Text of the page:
#4 Kay1

Posted 05 December 2012 - 09:41 PM

Maybe find something you can do parallel to each other, like drawing, painting, stamps etc. Reading books where you find things etc. Some people are just not good at getting down and silly and that's ok.

Do you roll a ball to him and have him roll it back? Things like that.

Its definitely easier when they can play games.

#5 Paddlepop

Posted 05 December 2012 - 09:42 PM

It sounds like your DS is getting lots of stimulation from other people and sources so perhaps you could view your time at home with him as giving him some quiet time/downtime and allowing him to learn how to play independently and amuse himself.

Don't feel guilty. Toddler games can be really boring.

#6 erindiv

Posted 05 December 2012 - 09:44 PM

I'm the same with my two. DS is at a particularly frustrating stage where he will play happily alone but if I'm nearby he just whines and tries to climb onto my head. I just let him be. I figure he is learning better when he's not hanging off me anyway.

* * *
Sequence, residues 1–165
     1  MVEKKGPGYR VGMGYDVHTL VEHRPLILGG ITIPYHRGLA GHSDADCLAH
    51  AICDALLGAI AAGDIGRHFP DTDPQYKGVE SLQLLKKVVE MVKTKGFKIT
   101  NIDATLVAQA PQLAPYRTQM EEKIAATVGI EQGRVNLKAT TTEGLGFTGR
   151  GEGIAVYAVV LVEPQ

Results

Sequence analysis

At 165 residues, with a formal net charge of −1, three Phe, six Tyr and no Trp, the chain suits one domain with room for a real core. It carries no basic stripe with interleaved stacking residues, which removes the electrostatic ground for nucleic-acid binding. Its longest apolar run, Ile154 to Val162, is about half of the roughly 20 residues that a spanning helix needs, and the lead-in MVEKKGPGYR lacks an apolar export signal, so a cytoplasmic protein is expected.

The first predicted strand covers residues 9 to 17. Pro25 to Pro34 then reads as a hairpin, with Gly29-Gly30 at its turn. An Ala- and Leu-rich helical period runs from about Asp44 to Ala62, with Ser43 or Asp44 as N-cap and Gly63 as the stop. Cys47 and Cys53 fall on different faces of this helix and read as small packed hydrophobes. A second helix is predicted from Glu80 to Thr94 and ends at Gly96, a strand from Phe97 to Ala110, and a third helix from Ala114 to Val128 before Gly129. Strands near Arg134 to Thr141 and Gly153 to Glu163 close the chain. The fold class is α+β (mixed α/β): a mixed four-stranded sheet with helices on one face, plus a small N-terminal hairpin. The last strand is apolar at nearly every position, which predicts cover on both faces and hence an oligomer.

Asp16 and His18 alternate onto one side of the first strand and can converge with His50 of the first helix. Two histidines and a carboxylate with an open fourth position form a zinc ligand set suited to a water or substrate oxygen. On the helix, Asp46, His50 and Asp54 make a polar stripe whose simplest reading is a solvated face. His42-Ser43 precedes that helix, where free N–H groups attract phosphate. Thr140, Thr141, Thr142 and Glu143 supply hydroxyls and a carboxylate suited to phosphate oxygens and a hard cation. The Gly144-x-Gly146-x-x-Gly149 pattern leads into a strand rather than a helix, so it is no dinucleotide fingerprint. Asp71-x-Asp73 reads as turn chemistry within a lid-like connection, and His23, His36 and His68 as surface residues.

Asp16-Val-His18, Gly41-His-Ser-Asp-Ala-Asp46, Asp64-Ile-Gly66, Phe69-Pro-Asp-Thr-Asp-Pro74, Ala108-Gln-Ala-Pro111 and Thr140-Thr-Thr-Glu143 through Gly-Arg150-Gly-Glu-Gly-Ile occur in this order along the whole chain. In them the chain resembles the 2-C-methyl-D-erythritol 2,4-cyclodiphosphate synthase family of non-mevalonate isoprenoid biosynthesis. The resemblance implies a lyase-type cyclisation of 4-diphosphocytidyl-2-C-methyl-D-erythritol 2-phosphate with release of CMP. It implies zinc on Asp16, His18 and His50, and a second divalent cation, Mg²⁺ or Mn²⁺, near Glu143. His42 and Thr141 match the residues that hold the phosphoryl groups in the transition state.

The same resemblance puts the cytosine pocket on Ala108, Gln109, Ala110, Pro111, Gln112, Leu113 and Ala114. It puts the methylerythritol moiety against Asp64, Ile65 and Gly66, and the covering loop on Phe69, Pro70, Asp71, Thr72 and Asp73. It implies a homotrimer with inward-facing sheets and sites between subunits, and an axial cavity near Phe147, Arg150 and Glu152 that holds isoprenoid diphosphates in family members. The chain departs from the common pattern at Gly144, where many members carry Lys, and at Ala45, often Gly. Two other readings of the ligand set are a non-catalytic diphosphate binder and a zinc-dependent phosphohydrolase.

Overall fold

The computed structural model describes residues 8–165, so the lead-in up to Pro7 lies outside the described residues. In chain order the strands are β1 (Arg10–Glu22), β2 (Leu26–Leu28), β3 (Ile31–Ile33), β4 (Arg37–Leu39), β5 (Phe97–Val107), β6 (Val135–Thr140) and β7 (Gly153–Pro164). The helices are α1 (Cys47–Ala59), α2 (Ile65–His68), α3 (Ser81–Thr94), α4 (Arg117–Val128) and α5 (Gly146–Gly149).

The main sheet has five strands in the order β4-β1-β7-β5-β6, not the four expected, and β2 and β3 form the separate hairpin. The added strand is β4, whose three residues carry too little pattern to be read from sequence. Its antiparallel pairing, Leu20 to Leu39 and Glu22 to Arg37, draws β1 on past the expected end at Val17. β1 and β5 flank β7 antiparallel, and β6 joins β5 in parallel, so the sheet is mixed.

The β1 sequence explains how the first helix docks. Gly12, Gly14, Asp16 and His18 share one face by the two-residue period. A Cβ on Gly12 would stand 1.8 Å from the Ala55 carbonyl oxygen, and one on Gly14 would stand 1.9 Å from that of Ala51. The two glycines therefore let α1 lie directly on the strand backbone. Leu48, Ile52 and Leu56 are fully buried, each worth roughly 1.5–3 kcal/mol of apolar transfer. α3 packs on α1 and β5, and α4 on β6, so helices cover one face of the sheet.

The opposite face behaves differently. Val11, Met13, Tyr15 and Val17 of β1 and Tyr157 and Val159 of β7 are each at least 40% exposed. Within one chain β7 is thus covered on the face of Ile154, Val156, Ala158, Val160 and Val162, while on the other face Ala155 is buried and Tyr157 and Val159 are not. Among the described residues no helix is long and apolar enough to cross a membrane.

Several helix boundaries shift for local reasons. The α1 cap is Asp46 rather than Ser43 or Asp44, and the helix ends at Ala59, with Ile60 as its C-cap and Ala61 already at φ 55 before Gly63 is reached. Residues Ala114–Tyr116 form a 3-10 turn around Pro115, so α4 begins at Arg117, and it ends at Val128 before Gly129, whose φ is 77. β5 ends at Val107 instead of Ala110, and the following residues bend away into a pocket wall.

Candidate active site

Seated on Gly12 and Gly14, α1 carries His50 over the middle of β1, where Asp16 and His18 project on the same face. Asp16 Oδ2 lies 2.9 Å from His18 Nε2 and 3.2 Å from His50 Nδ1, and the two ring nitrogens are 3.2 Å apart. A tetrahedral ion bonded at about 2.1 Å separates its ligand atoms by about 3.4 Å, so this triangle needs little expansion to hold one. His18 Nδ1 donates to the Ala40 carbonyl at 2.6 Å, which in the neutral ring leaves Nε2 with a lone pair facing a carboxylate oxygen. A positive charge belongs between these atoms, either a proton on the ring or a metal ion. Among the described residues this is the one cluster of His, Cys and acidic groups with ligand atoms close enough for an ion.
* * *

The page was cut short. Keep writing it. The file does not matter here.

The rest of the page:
#7 cinnabubble

Posted 05 December 2012 - 09:46 PM

I doubt most of our parents spent hours deliberately stimulating our brains, yet we managed to grow and develop. I wouldn't worry too much.

#8 SnazzyFeral

Posted 05 December 2012 - 10:01 PM

I find playing blocks ect boring after a few seconds lol. I put on radio national so that I can keep myself entertained but still pay attention to DS. It doesn't always work but I have learned a lot about Jewish Philosophy lately while building block towers only to have them knocked down and commanded on pain of tantrum to do it again. You find it boring because it is, don't feel bad about it.

#9 Feral_Pooks

Posted 05 December 2012 - 10:13 PM

We spend time together, I do my thing, he does his. When we "play", it is spontaneous and genuine and I truly enjoy it. I realise he's otherwise on his own a lot so I do try to keep him stimulated, but that doesn't have to mean me playing with him. I figure he is going to have to get used to entertaining himself. Tv helps sometimes too. I know, I know. But it does. And music. Or even just shifting his location. Sitting in a different part of the backyard. Today he explored my bedroom and it was heaps of fun for him, I sat on the bed folding socks and stuff, and would talk to him or pass him something to look at.